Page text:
Renegade group that Jeffs led remains true to plural marriages
HILDALE, UTAH — Driving toward this tiny town feels like nearing the edge of the Earth, a place of jagged red-rock peaks surrounding dry valleys covered in pinyon trees. It seems like the perfect place to hide.
For about a century, that’s what members of the Fundamentalist Church of Jesus Christ of Latter Day Saints have done here and in adjoining Colorado City, Ariz. — living in isolation to practice their religion without interference.
However, the arrest of the sect’s self-proclaimed prophet, Warren Jeffs, has increased outside attention on the group and its practice of polygamy, which sometimes includes marrying teenage girls to men 20 years or more their senior.
Jeffs, 50, a fugitive wanted on criminal charges in both Utah and Arizona for more than a year, was arrested outside Las Vegas late Monday during a traffic stop. He waived extradition to Utah to face two counts of first-degree felony rape as an accomplice, accused of arranging a marriage that led to the rape of an underage girl. If convicted, he could spend the rest of his life in prison.
Polygamy was a tenet of the early Church of Jesus Christ of Latter-day Saints — the Mormons — but the practice was abandoned in 1890. However, strident believers in “the principle,” as it is known, have remained steadfast.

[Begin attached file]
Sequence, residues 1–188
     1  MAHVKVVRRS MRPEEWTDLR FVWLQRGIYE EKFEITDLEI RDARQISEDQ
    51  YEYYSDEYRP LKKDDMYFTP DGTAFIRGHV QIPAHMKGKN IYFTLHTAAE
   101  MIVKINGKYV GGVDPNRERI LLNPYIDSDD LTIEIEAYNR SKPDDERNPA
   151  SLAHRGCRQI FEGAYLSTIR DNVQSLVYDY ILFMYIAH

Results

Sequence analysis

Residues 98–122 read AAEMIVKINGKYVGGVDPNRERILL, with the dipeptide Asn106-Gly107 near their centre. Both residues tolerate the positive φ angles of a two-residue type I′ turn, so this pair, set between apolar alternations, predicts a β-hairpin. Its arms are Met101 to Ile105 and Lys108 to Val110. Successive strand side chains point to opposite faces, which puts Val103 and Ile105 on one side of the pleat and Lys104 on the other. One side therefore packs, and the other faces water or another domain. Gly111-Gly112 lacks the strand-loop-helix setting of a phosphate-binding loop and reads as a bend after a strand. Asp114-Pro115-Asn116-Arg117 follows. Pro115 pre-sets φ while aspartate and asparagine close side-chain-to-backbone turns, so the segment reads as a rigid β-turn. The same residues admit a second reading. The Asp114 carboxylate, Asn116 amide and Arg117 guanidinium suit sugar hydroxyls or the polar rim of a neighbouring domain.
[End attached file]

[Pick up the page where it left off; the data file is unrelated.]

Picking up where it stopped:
FLDS members practice polygamy because they believe that plural marriage secures their exaltation in heaven and that the number of wives a man marries corresponds to the level of glory he’ll achieve.
A survey by a plural-marriage advocacy group, Principle Voices of Polygamy, estimates about 37,000 people are living the lifestyle in the western United States and British Columbia. Based on the data, the largest known organized community is the FLDS, with about 10,000 members in Hildale and Colorado City.
FLDS members are taught to believe that their leader is “the prophet of God over us in our lives,” said Carolyn Jessop, a former FLDS plural wife who was married for 17 years to a man 32 years older. She fled with her children in 2003.
Critics say Jeffs’ need for control and obedience has moved the faith from what was once described as a community guided by love to one of secrecy and segregation. He ordered children pulled from public schools. He banned books, music, television and other forms of entertainment, unless he was the writer or performer.
Jeffs imposed dress codes that include long, white undergarments. He banned bright colors, including red, the color of the devil. However, when arrested he was riding in a bright-red SUV, wearing shorts and a white T-shirt — clothes his followers are not allowed to wear.
Former FLDS members say they hope Jeffs’ capture will reveal how his demands for perfection fall flat and relieve members of the shame they say Jeffs has often heaped upon them.
“The church is absolutely not going to collapse, but I think that with Warren gone, the stranglehold he’s had on the people is gone,” Jessop said.